By Official NetNanuNanu - Published on
Format: DVD
Last Train Home, 2009, refers to "the largest human migration." This is a shocking view of peasants working in the city, trying to get home, once a year from their factory jobs in the city to their provinces.

China's 130 millions migrants are not crowding, pushing, stressing, waiting for a train to anyplace exciting, nor a sports occasion, nor something entertaining...... but to a simple place called home.

Home is where they left their children to be raised by grandparents, home is where they are allowed to go but once per year, the Chinese New Year. Home is where they can only make phone calls to, but cannot intervene any other way to check on their children living without them. And this is today, not 50 years ago, but today!

This makes me, we get to come home every night to raise our children, but can you imagine coming home once a year for a short time? These people took trains, boats, buses on their journey home, to see the children they do not really know anymore. They stressed out trying to get a train ticket on a seriously overcrowded train, carrying their bags with them.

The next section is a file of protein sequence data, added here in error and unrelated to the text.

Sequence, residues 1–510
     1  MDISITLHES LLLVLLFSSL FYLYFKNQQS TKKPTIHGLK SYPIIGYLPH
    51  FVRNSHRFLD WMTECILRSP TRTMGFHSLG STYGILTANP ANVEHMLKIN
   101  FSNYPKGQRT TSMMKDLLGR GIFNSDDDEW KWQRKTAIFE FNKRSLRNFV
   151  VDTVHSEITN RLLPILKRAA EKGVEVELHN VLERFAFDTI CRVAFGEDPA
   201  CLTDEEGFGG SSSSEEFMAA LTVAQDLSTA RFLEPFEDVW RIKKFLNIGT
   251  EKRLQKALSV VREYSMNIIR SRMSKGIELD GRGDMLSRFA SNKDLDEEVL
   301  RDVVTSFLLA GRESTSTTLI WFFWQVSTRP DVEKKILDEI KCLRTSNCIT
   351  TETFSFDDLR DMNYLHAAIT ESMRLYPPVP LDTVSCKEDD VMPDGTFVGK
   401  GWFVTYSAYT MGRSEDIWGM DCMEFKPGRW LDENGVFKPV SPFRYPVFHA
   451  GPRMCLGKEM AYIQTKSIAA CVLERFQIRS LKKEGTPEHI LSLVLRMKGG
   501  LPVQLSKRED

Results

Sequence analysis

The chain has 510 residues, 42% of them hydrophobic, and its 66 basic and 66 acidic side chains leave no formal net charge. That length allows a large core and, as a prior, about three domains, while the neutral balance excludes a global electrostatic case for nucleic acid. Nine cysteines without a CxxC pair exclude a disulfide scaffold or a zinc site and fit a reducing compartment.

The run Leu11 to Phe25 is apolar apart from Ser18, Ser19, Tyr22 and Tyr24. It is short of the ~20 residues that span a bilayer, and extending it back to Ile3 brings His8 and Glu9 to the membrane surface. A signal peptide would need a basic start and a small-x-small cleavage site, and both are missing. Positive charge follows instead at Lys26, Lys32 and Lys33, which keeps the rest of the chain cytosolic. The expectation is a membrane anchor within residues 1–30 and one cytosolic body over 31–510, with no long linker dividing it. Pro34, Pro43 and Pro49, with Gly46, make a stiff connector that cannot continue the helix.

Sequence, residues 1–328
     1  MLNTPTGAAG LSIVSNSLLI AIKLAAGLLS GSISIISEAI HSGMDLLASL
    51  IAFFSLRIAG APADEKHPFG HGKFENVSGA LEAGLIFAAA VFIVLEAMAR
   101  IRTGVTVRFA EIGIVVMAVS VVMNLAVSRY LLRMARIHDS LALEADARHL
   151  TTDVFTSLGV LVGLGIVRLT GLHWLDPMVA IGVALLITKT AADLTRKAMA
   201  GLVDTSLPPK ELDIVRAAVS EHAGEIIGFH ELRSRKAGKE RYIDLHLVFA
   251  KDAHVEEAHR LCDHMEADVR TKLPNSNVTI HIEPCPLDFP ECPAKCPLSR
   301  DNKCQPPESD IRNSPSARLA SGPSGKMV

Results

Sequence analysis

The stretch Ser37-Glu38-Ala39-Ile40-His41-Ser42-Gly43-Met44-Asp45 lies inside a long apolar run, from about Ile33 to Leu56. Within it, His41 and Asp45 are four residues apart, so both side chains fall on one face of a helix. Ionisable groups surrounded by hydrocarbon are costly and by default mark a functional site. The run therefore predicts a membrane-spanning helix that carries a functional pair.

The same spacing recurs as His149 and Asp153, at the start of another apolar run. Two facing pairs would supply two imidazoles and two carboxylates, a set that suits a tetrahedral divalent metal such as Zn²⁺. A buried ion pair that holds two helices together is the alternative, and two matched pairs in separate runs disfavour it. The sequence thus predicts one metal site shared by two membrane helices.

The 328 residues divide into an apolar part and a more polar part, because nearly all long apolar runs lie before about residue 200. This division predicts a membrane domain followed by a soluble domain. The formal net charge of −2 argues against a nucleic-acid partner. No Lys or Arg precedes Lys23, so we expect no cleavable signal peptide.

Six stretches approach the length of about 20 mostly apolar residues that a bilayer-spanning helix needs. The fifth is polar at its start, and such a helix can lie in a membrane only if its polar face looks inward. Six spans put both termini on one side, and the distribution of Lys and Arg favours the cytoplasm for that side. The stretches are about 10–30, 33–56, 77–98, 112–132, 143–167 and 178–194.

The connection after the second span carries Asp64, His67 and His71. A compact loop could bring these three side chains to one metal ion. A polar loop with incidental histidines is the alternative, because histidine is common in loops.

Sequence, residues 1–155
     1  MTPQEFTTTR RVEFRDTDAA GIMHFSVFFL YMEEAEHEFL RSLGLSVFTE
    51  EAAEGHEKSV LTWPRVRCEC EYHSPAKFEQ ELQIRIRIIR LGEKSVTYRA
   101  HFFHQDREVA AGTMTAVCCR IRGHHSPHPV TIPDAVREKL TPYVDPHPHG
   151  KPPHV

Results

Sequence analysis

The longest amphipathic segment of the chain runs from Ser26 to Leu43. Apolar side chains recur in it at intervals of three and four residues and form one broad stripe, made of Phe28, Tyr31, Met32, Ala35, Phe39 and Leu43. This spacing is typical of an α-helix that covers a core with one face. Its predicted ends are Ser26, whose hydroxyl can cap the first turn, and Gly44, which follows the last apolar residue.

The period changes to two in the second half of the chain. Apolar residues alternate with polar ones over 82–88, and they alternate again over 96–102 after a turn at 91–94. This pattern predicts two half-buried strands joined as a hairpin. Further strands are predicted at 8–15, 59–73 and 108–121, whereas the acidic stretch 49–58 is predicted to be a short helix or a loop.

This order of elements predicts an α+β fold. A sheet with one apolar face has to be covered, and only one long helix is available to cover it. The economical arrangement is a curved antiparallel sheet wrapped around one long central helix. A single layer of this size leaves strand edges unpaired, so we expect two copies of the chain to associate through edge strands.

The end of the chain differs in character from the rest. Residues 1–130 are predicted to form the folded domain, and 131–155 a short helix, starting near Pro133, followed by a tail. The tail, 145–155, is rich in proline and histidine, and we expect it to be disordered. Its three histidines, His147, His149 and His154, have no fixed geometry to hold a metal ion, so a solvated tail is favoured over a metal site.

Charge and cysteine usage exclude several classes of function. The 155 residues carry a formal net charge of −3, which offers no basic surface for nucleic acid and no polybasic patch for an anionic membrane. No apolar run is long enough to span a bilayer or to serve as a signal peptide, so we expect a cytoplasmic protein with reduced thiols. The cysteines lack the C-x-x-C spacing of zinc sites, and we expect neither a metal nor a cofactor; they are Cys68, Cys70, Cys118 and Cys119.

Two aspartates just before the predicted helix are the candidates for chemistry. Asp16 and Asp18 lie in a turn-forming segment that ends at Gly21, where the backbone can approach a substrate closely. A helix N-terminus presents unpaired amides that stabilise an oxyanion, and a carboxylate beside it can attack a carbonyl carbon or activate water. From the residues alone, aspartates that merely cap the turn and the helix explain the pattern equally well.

The saddest part - The mother and father who worked in the factory have a son and early teen daughter who has left school, the camera follows her to the streetlife, working in the nightclubs. She is persuaded to come home with parents, and a physical fight ensues between father and daughter. Daughter's issues are like any young child who felt abandoned by parents, anger, resentment and rebellion are typical.

As the documentary follows the family, we, the viewer are left with questions but no answers narrated. How long is their time off, knowing travel delays could keep them on the road for a week. What are they carrying in their large bags? were all factories shut down? how much money did they make? what happened if there were no grandparents to care for their children?

This film makes you appreciate your commute to work and you get to come home at the end of the day. ....Rizzo
4 of 4 people found the following review helpful
5.0 out of 5 stars A Moving Story May 12 2011
By Andrea R. Nagy - Published on
Format: DVD Verified Purchase
It's a documentary that feels like a drama, until the main character turns toward the camera and says something like "I hate my life! Go ahead and film that! I don't care!" Then we realize that it's not acting; it's her real dilemma. The wave of migration from Chinese villages to cities has lifted millions of peasants out of poverty, but it has also strained families, who can see each other only once a year. Much of this dilemma could be resolved if the Chinese government would lift the oppressive hukou system and allow citizens to legally change their residence from the village to the city.